Case Alert -  EWCA Civ 987
Whether a non-party can challenge a finding in earlier proceedings
Withers for appellant, Hogan Lovells for respondent
It is an established principle that it is an abuse of process to re-litigate an issue which has previously been decided by another competent court (known as "a collateral attack"). Of issue in this case is whether that principle applies to a non-party to those earlier proceedings.
Here, a finding had been made (in the course of committal proceedings) that the defendant to a claim brought by the claimant bank was the owner of a property (over which the bank was seeking a charging order). The claimant in this action, Mr Shalabayev, had appeared as a witness in those earlier proceedings, in order to argue that he was the true owner of the property instead. He sought to intervene in the bank's application for a final charging order over the property, arguing that he was not bound by the finding that he was not the true owner because he had not been a party to the earlier proceedings. He lost at first instance and appealed to the Court of Appeal.
The Court of Appeal has now allowed that appeal.
It was held that Mr Shalabayev had had no opportunity to establish his claim to ownership by being a party to any relevant judicial process: "Being a witness in [the defendant's] committal proceedings was a totally different ball game from being a participant … Witness status did not entitle him to address the court upon the conclusion to be derived from the totality of the evidence".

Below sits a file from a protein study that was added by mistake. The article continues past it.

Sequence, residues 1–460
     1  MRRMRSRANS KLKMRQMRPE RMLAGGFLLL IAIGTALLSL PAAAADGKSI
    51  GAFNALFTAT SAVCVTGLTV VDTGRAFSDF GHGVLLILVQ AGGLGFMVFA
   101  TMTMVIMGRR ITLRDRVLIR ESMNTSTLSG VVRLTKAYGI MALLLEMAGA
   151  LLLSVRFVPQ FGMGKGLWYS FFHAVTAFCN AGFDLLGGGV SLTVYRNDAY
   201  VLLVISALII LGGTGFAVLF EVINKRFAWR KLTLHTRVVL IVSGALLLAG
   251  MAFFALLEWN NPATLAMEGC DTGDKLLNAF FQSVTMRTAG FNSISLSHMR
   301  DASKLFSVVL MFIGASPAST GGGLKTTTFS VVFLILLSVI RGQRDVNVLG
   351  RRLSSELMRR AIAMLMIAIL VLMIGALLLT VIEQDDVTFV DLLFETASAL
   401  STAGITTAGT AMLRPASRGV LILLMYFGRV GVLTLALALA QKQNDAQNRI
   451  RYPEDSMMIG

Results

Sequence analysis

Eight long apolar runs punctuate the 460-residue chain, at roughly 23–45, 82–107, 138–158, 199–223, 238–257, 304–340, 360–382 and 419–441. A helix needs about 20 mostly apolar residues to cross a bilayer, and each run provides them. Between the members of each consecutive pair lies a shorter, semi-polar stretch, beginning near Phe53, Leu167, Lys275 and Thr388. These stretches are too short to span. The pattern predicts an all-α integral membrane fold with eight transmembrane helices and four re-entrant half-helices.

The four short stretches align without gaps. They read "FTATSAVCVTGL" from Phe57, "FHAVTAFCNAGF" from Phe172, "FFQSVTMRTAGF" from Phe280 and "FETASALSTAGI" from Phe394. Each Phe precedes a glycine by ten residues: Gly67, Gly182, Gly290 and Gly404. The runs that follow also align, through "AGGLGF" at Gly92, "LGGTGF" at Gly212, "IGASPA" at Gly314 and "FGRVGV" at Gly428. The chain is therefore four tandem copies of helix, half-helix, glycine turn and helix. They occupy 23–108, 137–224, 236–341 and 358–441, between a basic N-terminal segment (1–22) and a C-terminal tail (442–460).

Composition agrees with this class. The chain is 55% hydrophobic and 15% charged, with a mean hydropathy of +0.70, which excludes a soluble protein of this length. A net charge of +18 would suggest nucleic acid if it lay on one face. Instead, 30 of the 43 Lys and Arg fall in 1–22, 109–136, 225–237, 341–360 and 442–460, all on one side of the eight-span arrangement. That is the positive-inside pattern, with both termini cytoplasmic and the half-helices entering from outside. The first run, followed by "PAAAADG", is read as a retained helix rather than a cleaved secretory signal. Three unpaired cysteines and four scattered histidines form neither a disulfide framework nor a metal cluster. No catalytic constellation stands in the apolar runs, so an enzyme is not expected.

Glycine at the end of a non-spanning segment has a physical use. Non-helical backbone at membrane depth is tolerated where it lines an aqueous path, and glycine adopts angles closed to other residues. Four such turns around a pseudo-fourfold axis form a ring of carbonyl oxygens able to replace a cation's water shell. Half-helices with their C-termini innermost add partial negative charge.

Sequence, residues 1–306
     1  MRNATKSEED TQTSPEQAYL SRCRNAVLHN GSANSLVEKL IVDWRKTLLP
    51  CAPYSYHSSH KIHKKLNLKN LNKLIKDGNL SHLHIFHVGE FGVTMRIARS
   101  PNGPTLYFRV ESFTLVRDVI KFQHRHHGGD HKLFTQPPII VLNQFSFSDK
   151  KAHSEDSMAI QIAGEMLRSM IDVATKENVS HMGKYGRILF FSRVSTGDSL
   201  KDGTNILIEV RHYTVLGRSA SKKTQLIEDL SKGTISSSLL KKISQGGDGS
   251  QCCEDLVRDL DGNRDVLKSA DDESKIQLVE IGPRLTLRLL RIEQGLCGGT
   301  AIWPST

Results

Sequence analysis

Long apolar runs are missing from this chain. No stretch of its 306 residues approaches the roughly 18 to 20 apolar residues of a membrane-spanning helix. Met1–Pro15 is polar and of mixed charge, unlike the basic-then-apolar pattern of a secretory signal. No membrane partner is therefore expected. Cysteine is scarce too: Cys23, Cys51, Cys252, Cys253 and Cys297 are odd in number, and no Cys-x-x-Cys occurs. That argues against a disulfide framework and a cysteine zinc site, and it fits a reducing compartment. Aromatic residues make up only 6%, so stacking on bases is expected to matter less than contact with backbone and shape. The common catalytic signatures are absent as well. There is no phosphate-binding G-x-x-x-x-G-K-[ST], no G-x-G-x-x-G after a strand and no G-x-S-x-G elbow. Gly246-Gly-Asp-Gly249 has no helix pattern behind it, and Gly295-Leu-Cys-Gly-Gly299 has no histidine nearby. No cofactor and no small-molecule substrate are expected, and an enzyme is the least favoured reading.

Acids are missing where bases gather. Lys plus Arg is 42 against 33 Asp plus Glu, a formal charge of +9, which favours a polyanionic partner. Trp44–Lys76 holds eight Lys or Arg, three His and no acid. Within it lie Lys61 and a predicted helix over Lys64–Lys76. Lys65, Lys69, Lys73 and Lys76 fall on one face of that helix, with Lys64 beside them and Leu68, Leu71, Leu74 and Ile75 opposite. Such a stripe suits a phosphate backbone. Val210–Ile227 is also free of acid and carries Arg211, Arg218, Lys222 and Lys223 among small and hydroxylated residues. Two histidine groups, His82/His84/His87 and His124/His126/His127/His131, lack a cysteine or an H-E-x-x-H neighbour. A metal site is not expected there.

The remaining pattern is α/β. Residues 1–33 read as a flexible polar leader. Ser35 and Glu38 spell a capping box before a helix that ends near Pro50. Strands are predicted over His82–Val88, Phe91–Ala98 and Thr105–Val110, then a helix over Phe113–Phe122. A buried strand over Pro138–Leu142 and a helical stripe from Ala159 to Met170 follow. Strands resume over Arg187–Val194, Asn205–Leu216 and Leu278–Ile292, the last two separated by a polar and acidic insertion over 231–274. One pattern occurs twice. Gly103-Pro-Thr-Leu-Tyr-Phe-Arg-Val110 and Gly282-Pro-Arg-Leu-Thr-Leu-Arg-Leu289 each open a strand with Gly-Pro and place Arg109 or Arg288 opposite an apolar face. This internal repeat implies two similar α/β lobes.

However, there was no "bright-line" test of whether or not a litigant was a party, or the privy of a party, in earlier proceedings. Instead (citing Secretary of State for Trade and Industry v Bairstow  as authority), it will only be an abuse of process where a party was not a party to the earlier proceedings if "(i) it would be manifestly unfair to a party to the later proceedings that the same issues should be re-litigated or (ii) to permit such re-litigation would bring the administration of justice into disrepute". Here, there had been a significant difference between the earlier application for a committal order and the subsequent application for a charging order. A contempt application is a self-contained procedure which does not lend itself to the resolution of other disputes which may later arise.